What makes a well-dressed man?

CULTURE VULTURE - Therese Jamora-Garceau (The Philippine Star) - November 27, 2013 - 12:00am

As the impeccably turned-out star of The Great Gatsby, Leonardo Di Caprio knows a thing or two about being well-dressed. Shortly after playing the role, Di Caprio visited Hong Kong and one of his stops was Ascot Chang, bespoke shirt and suit makers since 1953.

“Leonardo di Caprio came in to order from us a few months ago,” recalls Tony Chang, managing director of Ascot Chang. “We made shirts for him and it was such a good experience.”

Ascot Chang, which has also made shirts for George Bush and various Hong Kong celebrities, partnered with Rustan’s and recently opened boutiques in Rustan’s Makati, Rustan’s Shangri-La Plaza, and Makati Shangri-La Hotel that offer both bespoke services and men’s ready to wear.

Tony, who’s the son of the founder Ascot Chang, inaugurated the stores together with son Justin and cousin Lincoln Chang. They came in their dapper best, and talked about what it takes to be a truly stylish man in these fashion-fickle times.

PHILIPPINE STAR: In your opinion, what makes a man well-dressed?

JUSTIN CHANG: I think fit is probably one of the most important things. We always say no matter how beautiful the fabric, color, or how well made the suit, fit goes a long way in making someone look well-dressed.

TONY CHANG: If the fit is not there, for example at the shoulder line, then the shirt, the suit will crumple, and you cannot define him as well-dressed.

How do you distinguish a well-fitted suit from an ill-fitting one?

T: We have a very simple guideline: the way the garment falls should be nice and natural and clean-looking. If the shoulder’s too big or the fabric gathers somewhere, then that’s not right.

What are the essentials that a well-dressed man must have in his wardrobe?

J: A blue suit and a white shirt because those are the most flexible options that a guy can own. A white shirt can go with any color suit and tie, and a blue suit you can wear with brown or black shoes and almost any color shirt. So those are the staples of the men’s wardrobe.

If you want to expand a bit more then every guy should have one or two blue suits and gray suits, white shirts and some blue shirts. That already is a good start.

What some big trends in menswear?

T: Nowadays customers ask for a more tapered, slim fit. I have suits I had made five years ago; when I put them on now, how come they look one or two sizes too big? These are perceptions of the style. Nowadays some younger people want shorter pants, to the extent of Lincoln’s very short pants, because they wear a fancy pair of socks and want to expose it. People are also showing more cuffs — old school was always a quarter inch, but nowadays half or three-quarters of an inch.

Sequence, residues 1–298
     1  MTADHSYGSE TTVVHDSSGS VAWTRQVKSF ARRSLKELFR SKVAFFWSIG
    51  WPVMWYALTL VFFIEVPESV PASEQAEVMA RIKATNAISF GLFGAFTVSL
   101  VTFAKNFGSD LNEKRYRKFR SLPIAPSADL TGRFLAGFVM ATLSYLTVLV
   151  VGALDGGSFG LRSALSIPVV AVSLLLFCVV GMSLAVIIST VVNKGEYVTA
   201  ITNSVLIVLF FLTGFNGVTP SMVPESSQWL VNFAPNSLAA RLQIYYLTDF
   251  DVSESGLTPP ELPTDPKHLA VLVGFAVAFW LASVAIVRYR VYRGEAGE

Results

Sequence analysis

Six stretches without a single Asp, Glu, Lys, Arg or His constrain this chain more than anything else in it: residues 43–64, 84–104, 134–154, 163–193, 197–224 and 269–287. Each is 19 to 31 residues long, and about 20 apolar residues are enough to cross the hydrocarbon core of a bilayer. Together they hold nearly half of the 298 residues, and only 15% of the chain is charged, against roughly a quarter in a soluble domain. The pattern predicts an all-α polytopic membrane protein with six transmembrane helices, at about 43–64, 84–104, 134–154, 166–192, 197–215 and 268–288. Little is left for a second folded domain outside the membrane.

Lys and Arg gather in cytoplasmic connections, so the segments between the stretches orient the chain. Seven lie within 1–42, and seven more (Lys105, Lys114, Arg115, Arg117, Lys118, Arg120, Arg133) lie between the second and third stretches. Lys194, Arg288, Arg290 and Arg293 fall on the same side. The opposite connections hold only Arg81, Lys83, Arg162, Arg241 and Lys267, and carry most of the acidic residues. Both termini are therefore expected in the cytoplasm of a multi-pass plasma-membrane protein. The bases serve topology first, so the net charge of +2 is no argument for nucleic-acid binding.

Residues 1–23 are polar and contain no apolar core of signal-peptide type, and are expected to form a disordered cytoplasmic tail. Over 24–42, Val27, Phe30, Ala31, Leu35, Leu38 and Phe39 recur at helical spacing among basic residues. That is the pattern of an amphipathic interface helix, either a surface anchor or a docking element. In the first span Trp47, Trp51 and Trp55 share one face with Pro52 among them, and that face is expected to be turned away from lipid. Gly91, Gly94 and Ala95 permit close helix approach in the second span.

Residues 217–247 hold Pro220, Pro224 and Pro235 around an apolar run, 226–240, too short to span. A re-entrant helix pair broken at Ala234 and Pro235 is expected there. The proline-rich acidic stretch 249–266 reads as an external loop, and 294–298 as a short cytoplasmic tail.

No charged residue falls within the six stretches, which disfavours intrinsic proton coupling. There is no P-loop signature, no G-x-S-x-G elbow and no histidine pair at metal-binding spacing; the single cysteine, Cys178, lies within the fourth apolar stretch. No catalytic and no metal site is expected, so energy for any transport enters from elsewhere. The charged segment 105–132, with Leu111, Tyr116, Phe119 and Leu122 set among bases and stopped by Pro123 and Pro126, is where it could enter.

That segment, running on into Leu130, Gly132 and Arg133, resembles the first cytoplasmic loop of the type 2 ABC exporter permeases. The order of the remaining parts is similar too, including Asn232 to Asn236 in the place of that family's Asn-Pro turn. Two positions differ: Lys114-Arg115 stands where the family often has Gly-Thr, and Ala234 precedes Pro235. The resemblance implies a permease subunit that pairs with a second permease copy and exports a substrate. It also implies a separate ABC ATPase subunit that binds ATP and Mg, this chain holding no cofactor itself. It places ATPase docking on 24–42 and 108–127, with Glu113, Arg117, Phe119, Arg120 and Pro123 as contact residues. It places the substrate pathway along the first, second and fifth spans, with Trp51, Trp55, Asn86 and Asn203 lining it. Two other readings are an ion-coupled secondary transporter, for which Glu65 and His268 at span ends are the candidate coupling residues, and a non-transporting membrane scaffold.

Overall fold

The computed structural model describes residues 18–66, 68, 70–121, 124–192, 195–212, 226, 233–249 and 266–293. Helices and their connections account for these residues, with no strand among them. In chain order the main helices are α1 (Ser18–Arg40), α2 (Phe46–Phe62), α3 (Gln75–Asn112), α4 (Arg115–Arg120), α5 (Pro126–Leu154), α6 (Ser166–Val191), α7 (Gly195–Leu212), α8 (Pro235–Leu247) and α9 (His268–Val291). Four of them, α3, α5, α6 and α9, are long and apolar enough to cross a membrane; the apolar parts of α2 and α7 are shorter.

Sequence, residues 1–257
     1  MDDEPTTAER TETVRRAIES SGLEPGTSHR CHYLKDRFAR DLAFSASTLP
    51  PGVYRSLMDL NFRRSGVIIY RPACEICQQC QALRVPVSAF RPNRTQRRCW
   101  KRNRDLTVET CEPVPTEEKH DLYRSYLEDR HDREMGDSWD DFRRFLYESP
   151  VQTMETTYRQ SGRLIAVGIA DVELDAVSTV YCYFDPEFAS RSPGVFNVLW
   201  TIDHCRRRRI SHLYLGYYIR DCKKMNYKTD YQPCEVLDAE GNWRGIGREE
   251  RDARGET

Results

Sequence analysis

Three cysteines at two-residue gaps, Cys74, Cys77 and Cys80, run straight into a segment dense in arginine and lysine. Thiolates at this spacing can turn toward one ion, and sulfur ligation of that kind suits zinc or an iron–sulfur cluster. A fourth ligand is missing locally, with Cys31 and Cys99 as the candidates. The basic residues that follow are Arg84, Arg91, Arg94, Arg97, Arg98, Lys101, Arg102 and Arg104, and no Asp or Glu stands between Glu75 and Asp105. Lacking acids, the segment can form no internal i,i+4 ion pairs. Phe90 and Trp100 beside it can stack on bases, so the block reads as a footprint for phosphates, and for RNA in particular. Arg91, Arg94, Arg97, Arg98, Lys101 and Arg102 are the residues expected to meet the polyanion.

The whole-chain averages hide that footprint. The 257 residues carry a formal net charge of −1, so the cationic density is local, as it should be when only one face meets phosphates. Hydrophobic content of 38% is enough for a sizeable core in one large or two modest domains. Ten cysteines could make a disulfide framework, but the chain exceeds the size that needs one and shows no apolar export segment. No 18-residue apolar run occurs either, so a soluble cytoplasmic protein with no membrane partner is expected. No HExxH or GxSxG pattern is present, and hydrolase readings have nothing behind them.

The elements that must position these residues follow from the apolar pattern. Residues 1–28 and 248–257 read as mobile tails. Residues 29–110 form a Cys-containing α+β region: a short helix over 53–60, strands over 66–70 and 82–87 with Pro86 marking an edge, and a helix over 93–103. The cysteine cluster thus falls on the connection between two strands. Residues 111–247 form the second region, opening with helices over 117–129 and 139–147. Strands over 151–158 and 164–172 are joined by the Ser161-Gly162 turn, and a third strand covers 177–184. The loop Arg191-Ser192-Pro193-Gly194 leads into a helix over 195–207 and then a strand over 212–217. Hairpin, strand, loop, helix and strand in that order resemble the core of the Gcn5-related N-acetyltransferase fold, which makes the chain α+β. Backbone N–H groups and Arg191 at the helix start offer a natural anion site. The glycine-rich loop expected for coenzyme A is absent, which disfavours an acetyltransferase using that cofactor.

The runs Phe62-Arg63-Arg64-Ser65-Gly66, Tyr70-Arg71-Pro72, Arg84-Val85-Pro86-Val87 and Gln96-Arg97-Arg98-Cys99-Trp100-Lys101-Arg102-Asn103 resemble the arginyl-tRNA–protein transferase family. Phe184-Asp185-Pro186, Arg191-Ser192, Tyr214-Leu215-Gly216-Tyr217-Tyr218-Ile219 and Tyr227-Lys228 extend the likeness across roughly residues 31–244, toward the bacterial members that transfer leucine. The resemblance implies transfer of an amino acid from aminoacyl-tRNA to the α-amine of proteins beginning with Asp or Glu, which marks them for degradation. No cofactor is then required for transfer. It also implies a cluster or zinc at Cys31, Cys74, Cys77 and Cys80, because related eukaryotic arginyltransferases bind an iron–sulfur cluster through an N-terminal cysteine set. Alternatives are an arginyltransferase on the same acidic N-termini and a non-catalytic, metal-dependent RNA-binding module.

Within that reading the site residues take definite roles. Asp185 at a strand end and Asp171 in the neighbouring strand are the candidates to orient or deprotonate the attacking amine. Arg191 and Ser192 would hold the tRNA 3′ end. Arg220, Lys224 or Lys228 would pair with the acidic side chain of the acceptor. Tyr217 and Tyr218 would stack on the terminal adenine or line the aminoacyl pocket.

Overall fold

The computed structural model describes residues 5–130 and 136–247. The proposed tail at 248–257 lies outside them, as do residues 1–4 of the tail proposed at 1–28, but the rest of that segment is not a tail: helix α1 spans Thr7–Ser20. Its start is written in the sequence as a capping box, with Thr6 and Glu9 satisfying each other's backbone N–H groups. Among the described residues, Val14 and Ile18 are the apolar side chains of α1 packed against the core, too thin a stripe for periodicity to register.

How would you introduce a new or younger client to bespoke tailoring?

T: Some people come in because of the fit — they cannot buy because they’re too tall, short, round, or their collar’s too big. Others because they have their eye on some fabric or style, for example they love a collar from past seasons that’s not in style anymore. So we have all these different styles and fabric that can satisfy them. For somebody who does not have experience, we ask, “Is there something you want but cannot get?” We can custom make it for you.

How long does it take to make a suit, from first measure to delivery, and what are the steps?

T: For suits it usually takes a few more fittings, so normally we do a basted fitting, then a forward fitting, where the suit is half complete, and then we finish the suit — usually two fittings. Special requests might require another fitting to define the details.

You’re based in Hong Kong. Do you have tailors from Savile Row?

T: We categorize ourselves as Shanghainese tailors. The term “Shanghainese tailor” comes from the 1920s and ’30s, when Shanghai was already an international port city. Old Shanghai had British, French, German concessions. In those days, so many foreigners lived there and naturally would bring in their requirements of dressing. For British gentlemen who wanted a suit made, it was not practical to go all the way to England to buy suits, so this knowhow came to Shanghai through British tailors. We learned the craftsmanship. I would say the majority is British tailors’ knowhow that dictated Shanghai tailors. The workmanship is very similar to British Savile Row tailors.

So when these Shanghainese tailors migrated to Hong Kong in the ’40s, ’50s — my father migrated in 1949 — they started training people in Hong Kong to do the same work.

What about your ready-to-wear, does it bear a certain Ascot Chang design signature?

T: Working with New York designer Michael Macko, we have a direction.

J: We generally have a direction every season where we do look at the marketplace and see what colors are in trend and what the silhouette is, but wth every season we try our best to mix and match different colors and texture that I think is quite distinctive to us, and try to use fabrics that we find from Italian mills or sometimes British mills that generally have a bit more texture to them so there’s a bit more depth to the fabric.

Big checks and plaid suits are very popular at the moment. The three-piece suit with double-breasted vest is popular again. And pinstripes are always in.

T: We have the plaid, the checks, where Michael Macko put together classic suits with interesting ties, textured ties or textured shirts to bring out the classic side of mix and match.

J: We like to describe it as “classics with a twist,” and have something that’s a little different.

* * *

Ascot Chang is now available at Rustan’s Makati, Rustan’s Shangri-La Plaza, and Makati Shangri-La Hotel.



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